Fish out of water: Why does it matter that fish are migrating further?

By Danielle Ryan

This is a behind-the-scenes story into my journey filming documentaries on marine parks and sanctuaries with my filming partner James Sherwood. The following story is about my experiences filming at the Australian Museum for our upcoming documentary 'The Map to Paradise,' a journey through time into the new era of ocean conservation and the rise of marine parks.

Behind the Brick Wall There is a giant brick wall on Yurong St around the corner from the Australian Museum in Sydney. If you pass this wall on your way to work, you may have wondered what lies behind it. With x-ray eyes you'd see a honeycomb network of museum staff offices that display creative hand-drawn sketches of wildlife and faces, knitted fish toys, a black and white photo of a giant Queensland Groper being prepared by a female taxidermist, among much more.

Tucked away in one of a series of collections rooms, you can find hundreds of jars labeled in Latin, and all filled with something curious. It is here, that has drawn us to film: one of these jars is about to reveal an interesting visual example of climate change.

The museum's Ichthyology (Fish) Collection Manager, Mark McGrouther, and the former Australian Museum Director, Frank Talbot, are showing us the fourth largest collection of fish types in the world, with over 10,000 species.

Considering that there are estimated to be 32,500 species of fish worldwide, with 4,400 in Australia alone, this is an impressive collection.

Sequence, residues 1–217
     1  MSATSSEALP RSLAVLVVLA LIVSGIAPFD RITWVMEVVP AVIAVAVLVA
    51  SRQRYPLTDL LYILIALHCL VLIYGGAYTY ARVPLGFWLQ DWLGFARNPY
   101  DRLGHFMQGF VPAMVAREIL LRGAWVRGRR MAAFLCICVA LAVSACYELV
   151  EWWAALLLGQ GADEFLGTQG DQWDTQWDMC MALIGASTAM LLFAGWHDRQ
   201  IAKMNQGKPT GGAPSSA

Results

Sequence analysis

Parts of the collection have previously been used as data to help design and build marine parks. But it is not the size that catches our curiosity today – It is just one tropical fish.

Tanks Full of Sharks

The Australian Museum's tank area is full of large predatory species like the Goblin shark and the Basking shark. Not the type of sharks that swim around mind you, but the type that have been preserved in formaldehyde and alcohol.

Mark is fishing in the tank water for a suitable shark for us to film.

He fishes around the tub's internal contents for a petite Bull Shark, which is less than a meter long.

Mark responds to our interest in the smaller sharks and says, "There are hundreds of species and most people think of jaws when they see one, but the majority grow to only less than a meter long."

He puts the shark down gently, and then walks over to another tank he thinks will interest us. I've sensed he knows what we are looking for.

He picks up a fish with skin far more glossy and shiny than the Bull Shark; it appears as though it is a relatively new addition to the collection.

It's a Humphead Wrasse that was recently brought into the museum by a local fisherman – one of a handful of locals who share a passion for science.

Now, this is the fish that catches our attention!

The Tropical Fish from Foster

"This fish was speared in Foster. It was found outside of its distribution range," says Mark.

I jump with delight and say, "so it is an example of climate change?"